Friday Favorite: Favorite Scene – The King’s Speech

Do you ever get the impression that a movie gets all of its acclaim and awards because of one scene?  One good moment can elevate a movie from ordinary to extraordinary, and can make the rest of the film shine with reflected glow.  And while I don’t think The King’s Speech was such a hit because of this one scene, I still could see how someone could make that argument.  It’s rare that I wish while watching a film in the theater that I could rewind a scene and watch it over, but that was definitely the case with this scene.  Take a look:

This is one of those great scenes that remains funny no matter how many times I watch it, and in some ways it’s almost funnier and more random without context.  Continue reading

Friday Favorites: Favorite Speech – Pirates of the Caribbean: At World’s End

Welcome to “Friday Favorites” which highlight some of my favorite movie-related things.

I’ve mentioned my love for a good movie speech before.  So it was only a matter of time before we got to Elizabeth Swann’s speech at the end of Pirates of the Caribbean: At World’s End.  Take a look:

There are a lot of things that are required for a good speech.   Continue reading

Friday Favorites: Favorite Absurdity – The Muppets

Welcome to “Friday Favorites” which highlight some of my favorite movie-related things.

There’s an exchange in the preshow for Muppet*Vision 3-D at Disney World that goes a little something like this:

Sam the Eagle: Will you stop this foolishness?

Gonzo the Great: What kind of foolishness would you like to see?

To me, that statement is the essence of the Muppets.  And with that in mind, here’s today’s Friday Favorite, presented without context:

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Mega Friday Favourites: The James Bond Series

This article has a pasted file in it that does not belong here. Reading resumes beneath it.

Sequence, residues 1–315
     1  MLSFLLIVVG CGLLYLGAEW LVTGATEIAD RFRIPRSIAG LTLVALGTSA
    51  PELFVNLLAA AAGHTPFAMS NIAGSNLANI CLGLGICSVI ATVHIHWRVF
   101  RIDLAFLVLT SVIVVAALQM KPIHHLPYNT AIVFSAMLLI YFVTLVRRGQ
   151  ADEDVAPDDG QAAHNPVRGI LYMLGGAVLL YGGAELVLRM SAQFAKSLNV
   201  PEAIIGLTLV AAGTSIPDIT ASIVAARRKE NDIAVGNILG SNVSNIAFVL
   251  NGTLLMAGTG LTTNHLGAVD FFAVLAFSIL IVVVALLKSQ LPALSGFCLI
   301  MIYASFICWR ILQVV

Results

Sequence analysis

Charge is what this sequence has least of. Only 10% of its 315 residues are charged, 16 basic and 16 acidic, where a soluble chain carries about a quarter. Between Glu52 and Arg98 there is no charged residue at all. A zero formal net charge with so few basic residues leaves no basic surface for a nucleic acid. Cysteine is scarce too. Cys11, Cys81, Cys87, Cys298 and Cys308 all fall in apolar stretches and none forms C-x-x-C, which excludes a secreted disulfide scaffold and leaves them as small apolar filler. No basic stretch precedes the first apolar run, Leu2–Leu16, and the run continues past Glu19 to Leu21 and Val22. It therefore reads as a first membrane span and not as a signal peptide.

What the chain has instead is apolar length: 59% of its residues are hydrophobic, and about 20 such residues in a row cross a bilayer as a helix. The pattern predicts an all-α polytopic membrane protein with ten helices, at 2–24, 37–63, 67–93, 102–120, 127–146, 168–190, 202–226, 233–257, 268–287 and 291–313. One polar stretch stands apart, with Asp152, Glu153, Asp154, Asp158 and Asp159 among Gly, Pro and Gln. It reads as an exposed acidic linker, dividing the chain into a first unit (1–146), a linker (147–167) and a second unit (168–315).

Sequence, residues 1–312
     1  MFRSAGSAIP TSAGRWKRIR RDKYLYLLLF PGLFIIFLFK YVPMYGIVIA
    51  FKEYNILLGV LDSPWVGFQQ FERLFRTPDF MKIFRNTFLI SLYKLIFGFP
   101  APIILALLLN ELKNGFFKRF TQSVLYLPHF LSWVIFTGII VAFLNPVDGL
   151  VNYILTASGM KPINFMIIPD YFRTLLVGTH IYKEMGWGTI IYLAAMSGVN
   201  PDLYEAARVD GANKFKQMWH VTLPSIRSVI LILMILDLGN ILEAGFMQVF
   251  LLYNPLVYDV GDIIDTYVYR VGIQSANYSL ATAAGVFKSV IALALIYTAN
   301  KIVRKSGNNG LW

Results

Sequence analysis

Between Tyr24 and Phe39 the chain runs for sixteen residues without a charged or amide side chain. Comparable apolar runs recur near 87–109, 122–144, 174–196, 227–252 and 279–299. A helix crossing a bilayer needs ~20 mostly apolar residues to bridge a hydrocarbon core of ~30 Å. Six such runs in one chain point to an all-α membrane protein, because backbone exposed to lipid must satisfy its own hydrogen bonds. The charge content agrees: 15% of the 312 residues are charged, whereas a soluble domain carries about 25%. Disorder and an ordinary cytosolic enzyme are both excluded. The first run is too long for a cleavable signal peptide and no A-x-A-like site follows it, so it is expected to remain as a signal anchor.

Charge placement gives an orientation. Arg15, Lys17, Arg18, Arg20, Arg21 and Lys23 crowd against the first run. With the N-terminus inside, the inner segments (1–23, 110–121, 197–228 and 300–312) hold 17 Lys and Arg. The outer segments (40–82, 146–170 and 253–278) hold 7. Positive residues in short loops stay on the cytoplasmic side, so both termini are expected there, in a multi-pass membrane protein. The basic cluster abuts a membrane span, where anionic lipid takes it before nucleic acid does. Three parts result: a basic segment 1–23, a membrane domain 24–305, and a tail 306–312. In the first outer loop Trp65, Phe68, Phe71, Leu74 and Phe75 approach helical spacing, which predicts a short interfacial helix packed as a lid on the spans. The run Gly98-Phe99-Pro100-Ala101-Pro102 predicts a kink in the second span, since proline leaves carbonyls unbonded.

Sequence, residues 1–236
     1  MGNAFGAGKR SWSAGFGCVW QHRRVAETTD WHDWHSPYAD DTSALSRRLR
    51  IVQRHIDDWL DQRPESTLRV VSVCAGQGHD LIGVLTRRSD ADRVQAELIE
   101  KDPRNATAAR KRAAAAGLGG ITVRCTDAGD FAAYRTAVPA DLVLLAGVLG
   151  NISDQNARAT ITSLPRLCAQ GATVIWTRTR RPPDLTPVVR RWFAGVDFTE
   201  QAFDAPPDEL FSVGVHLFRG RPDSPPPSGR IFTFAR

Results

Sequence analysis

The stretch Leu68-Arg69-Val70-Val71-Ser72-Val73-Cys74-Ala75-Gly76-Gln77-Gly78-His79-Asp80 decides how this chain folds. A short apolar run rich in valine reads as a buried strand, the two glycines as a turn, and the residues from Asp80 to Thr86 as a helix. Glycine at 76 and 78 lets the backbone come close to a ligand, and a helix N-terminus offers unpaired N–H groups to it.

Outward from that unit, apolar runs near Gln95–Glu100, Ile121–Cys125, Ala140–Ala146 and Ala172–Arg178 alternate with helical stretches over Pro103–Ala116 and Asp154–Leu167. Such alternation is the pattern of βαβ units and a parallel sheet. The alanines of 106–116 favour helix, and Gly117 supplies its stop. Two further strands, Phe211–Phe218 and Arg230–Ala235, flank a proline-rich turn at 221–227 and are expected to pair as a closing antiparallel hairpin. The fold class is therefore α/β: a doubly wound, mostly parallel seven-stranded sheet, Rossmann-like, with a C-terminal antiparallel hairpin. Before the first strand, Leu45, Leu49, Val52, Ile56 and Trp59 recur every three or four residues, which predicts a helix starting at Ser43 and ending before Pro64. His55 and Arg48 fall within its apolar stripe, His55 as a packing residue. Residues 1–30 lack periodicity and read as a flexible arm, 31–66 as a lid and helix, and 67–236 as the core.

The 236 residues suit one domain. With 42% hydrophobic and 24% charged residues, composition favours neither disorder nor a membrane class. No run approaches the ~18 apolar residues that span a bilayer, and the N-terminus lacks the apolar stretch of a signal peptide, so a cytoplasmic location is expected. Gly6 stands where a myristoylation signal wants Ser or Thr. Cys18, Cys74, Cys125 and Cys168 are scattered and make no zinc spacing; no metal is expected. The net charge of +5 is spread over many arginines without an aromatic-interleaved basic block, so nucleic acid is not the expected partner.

Welcome to “Friday Favorites” which highlight some of my favorite movie-related things.

For today’s Friday Favorite I’m going to do something a little different.  I just finished another rewatch of the James Bond series (minus 1967’s Casino Royale and the Thunderball remake, Never Say Never Again) in order, with the exception that I started with Skyfall and ended with Quantum of Solace.  So for today’s Friday Favorite I’ll be highlighting and listing some of my favorite, and least favorite, things from 50 years of James Bond movies.  And at the end, I’ll list all of the films based on my preference.  (Maybe I should start calling them “favourites” for this post?)

It’s interesting as you rewatch the films in order and in a short amount of time how the bad moments fade away and the good moments stick with you.  It’s like a sensory overload of Bond, and your brain can only hold so much so it picks the good stuff.   Continue reading

Friday Favorites: Favorite Scene – Ghostbusters

Welcome to “Friday Favorites” which highlight some of my favorite movie-related things.

Ghostbusters came out the year I was born (which was a good year for movies), but I didn’t get a chance to see it on the big screen until 2011.  I was amazed, but not completely surprised, at the reaction from the crowd, who clearly loved it.  I knew it was one of my favorites, but I didn’t realize that the jokes were still funny to everyone else.  And while there are many things to love about Ghostbusters, for me the highlight of the film is this: Continue reading

Friday Favorites: Favorite Scene – Star Trek: Generations

Welcome to “Friday Favorites” which highlight some of my favorite movie-related things.

It would be safe to say that Data is one of my favorite characters in all of art, literature and storytelling.  He’s most certainly my favorite TV character.  There’s something about his story of an android longing to be human, without realizing that in all the ways that matter he already is, that’s innately compelling.  Add in a dash of Pinocchio and Frankenstein’s Monster and you’ve got Data.  Those of us who were big fans of Star Trek: The Next Generation were thrilled for many reasons when it transitioned to the big screen at the end of its run.  But for me, one of the greatest joys of the movie is Data’s acquisition of the emotion chip, leading to this small scene, which remains one of my favorite things I’ve ever seen:

In the film, Data installs the emotion chip after a failed attempt at humor during Worf’s promotion ceremony. Continue reading